Rendering performance is a huge topic of great interest to the Chrome project and web developers. As the web platform is essentially an application development framework, ensuring it has the capability to handle input and put new pixels on the screen at a speed that keeps up with the display’s refresh rate is critical.
“Performance” is an oft-cited problem area for web developers. We spend a lot of time investigating and (hopefully) improving performance of the platform, often guided by specific bad examples. This is the pursuit and elimination of jank.
But what does jank mean? What are people complaining about when they say a web page “feels slow”? This document attempts to categorize the various symptoms that all get put under the “jank” category, for the purposes of accurate identification and precise discussion.
To understand the descriptions of potential causes of jank, it's important to understand roughly how rendering works. See The Rendering Critical Path for a primer; these two documents should be read together.
Finally, a note on the videos of examples -- video playback performance can tragically mask subtle performance problems as it frequently isn't rendered at 60Hz. The examples here should be obvious enough that the problem is still visible, but the originals of these videos are attached to the page, which you can download for slightly more accurate recordings.
Some background, for the curious. The checkerboarding problem is a very fundamental one for a document viewer: do you preserve responsiveness to user input or do you only show fully correct content? Chrome has developed a lot of (expensive) machinery to combat this problem, preferencing responsiveness. Checkerboarding occurs mainly during fast scrolling, when the page cannot be rasterized quickly enough to put up a new viewport’s worth of content every frame. When this happens Chrome will continue to scroll in an attempt to preserve the physical metaphor of page under the user’s finger... but in place of the missing content there will just be a blank space. On desktop platforms Chrome will draw a greyish checkerboard pattern; on Android (where this is more common) it draws the background color of the page.
To try to avoid having to checkerboard Chrome will pre-rasterize content around the viewport and keep it as bitmaps in memory. This policy trades CPU and memory resource consumption for a greater likelihood that the page content will be ready if/when the user starts scrolling. It’s essentially a giant buffer to guard against how slow software rasterization can be.
There’s typically a consistent bottleneck in the system when this is the case, and about:tracing is designed for diagnosing exactly this case. If encountered, a standard trace (no need for Frame Viewer) of the low-framerate animation should show what operations are the long pole for the animation.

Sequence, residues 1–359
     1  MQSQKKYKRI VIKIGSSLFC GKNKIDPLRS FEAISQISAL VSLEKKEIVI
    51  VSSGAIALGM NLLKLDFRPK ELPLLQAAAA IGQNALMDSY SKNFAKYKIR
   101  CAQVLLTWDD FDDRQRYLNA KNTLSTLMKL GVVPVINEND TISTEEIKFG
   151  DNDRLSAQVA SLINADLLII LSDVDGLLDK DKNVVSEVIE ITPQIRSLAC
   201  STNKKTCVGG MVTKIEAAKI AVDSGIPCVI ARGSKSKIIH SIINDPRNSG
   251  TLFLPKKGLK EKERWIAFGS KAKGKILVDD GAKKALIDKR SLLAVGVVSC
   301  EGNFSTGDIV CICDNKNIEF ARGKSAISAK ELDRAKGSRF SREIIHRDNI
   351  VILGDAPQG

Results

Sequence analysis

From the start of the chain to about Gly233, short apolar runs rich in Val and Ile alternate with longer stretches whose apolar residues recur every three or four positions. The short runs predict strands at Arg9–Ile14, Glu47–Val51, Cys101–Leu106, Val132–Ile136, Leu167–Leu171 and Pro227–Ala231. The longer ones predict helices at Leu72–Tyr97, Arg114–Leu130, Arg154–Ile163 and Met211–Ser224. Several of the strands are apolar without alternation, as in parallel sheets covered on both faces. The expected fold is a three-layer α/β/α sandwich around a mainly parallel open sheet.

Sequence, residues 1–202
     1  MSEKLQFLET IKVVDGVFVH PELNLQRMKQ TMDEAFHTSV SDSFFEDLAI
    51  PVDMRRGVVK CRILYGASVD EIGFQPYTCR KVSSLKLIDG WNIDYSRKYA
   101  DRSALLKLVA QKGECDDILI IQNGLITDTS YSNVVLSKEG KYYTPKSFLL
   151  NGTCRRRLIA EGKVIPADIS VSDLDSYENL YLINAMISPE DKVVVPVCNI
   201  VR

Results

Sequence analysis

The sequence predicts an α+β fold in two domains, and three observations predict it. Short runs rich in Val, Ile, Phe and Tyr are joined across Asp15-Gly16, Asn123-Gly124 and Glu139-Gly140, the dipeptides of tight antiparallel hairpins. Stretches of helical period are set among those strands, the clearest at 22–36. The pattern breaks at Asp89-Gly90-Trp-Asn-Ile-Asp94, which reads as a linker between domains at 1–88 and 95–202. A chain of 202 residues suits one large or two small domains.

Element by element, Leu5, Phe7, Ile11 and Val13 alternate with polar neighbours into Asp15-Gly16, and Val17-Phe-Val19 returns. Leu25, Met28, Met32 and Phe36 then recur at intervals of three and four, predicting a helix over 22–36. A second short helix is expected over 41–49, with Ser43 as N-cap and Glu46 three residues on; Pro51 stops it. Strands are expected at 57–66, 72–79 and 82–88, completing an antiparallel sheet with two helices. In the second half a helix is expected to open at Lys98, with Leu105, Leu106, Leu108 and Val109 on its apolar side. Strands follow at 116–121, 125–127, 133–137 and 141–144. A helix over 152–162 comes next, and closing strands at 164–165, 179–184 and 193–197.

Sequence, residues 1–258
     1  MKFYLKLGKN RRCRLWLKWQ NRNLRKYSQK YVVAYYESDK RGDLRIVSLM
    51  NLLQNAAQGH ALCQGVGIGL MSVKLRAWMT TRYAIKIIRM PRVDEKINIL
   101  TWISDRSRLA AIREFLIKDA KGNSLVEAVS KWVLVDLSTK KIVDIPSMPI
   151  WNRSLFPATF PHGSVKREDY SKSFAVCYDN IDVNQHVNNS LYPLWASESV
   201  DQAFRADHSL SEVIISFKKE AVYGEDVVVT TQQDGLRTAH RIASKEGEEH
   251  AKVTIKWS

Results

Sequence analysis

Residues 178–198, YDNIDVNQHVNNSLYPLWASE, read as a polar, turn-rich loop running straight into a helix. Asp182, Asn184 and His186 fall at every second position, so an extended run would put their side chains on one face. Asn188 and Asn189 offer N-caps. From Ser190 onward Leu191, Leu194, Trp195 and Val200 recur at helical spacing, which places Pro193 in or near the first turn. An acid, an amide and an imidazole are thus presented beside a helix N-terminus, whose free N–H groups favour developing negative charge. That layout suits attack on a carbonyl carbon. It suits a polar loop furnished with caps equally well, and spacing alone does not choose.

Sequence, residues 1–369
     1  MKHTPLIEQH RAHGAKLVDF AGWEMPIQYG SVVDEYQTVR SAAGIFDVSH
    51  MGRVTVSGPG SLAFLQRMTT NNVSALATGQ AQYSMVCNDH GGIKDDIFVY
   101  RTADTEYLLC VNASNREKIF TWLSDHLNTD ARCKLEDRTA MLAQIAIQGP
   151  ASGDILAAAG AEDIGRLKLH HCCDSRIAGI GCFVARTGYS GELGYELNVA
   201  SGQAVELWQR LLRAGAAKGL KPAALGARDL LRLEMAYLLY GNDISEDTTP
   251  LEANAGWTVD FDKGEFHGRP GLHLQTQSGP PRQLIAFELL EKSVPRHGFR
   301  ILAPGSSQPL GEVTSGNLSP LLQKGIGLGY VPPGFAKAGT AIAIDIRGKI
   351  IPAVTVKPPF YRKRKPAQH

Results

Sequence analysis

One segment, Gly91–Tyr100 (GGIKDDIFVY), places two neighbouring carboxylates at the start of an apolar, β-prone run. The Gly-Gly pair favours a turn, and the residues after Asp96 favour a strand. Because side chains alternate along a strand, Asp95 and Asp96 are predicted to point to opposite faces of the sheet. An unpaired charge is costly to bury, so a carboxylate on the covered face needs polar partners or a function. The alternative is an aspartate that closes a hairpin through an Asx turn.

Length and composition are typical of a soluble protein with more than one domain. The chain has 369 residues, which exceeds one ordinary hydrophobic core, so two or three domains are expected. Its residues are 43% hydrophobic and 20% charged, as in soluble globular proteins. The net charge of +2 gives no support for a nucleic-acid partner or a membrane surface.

It’s worth noting that there are two types of animation: those handled entirely by the compositor thread (so-called “accelerated” animations) and those that need to synchronously call into Blink or v8. The only type of accelerated animations are CSS animations (and CSS transitions and Web Animation) on opacity, transform, and certain CSS filters; plus scrolling and pinch/zoom. Everything else goes through Blink. Accelerated animations will never be bottlenecked on anything in the RendererMain thread, but non-accelerated animations can be.
This is commonly caused by accelerated animations that are set up but require rasterization before beginning. E.g. creating a new layer and setting a CSS animation on its transform -- the animation will not start until the new layer is done being painted. The timeline delay here is designed to prevent animations beginning immediately only to drop a number of frames. The result is typically a much smoother-looking interaction overall, but it can be surprising.
Long input latency (rather than low framerate)
Some examples of high latency are covered in the framerate examples, for instance delays at the beginning of an animation that’s kicked off in response to input. Generally if the entire pipeline takes long enough that it doesn’t fit into frame budget, we categorize it as a framerate rather than a latency issue. However, there are some edge cases where latency can be increased by seemingly unrelated issues.
Note that browser behavior here is wildly under-specified. Chrome’s behavior has evolved over time, and changed significantly recently with the advent of asynchronous touch move processing. One of the more egregious behavior hacks here is that Chrome typically gave touch events a ~200ms deadline to run, and if the event wasn’t processed by then it would get dropped and the page would scroll anyway. This was designed to preserve basic responsiveness even in the face of adversarial content.
This is somewhat complicated, but boils down to two different modes of operation in Chrome’s multi-stage rendering pipeline. In low-latency mode each stage of the pipeline will complete fast enough that all of the stages complete within 16ms. If any of the stages run long, Chrome will fall out of low latency mode into high latency mode. At that point there will be an extra frame of latency in the entire rendering pipeline, which effectively increases frame budget by allowing thread parallelism but at the cost of latency.
Note that technically there is currently a low/high latency mode for both the main thread > compositor thread step and the compositor thread > browser UI thread step. The problem described here is specific to the main thread > compositor thread step.
It’s also worth noting, though, that input latency is rarely a visible problem outside of these scroll-linked effects (like pull to refresh, or poorly implemented parallax, etc). The platform’s biggest problem remains that it’s incredibly difficult to maintain a high framerate.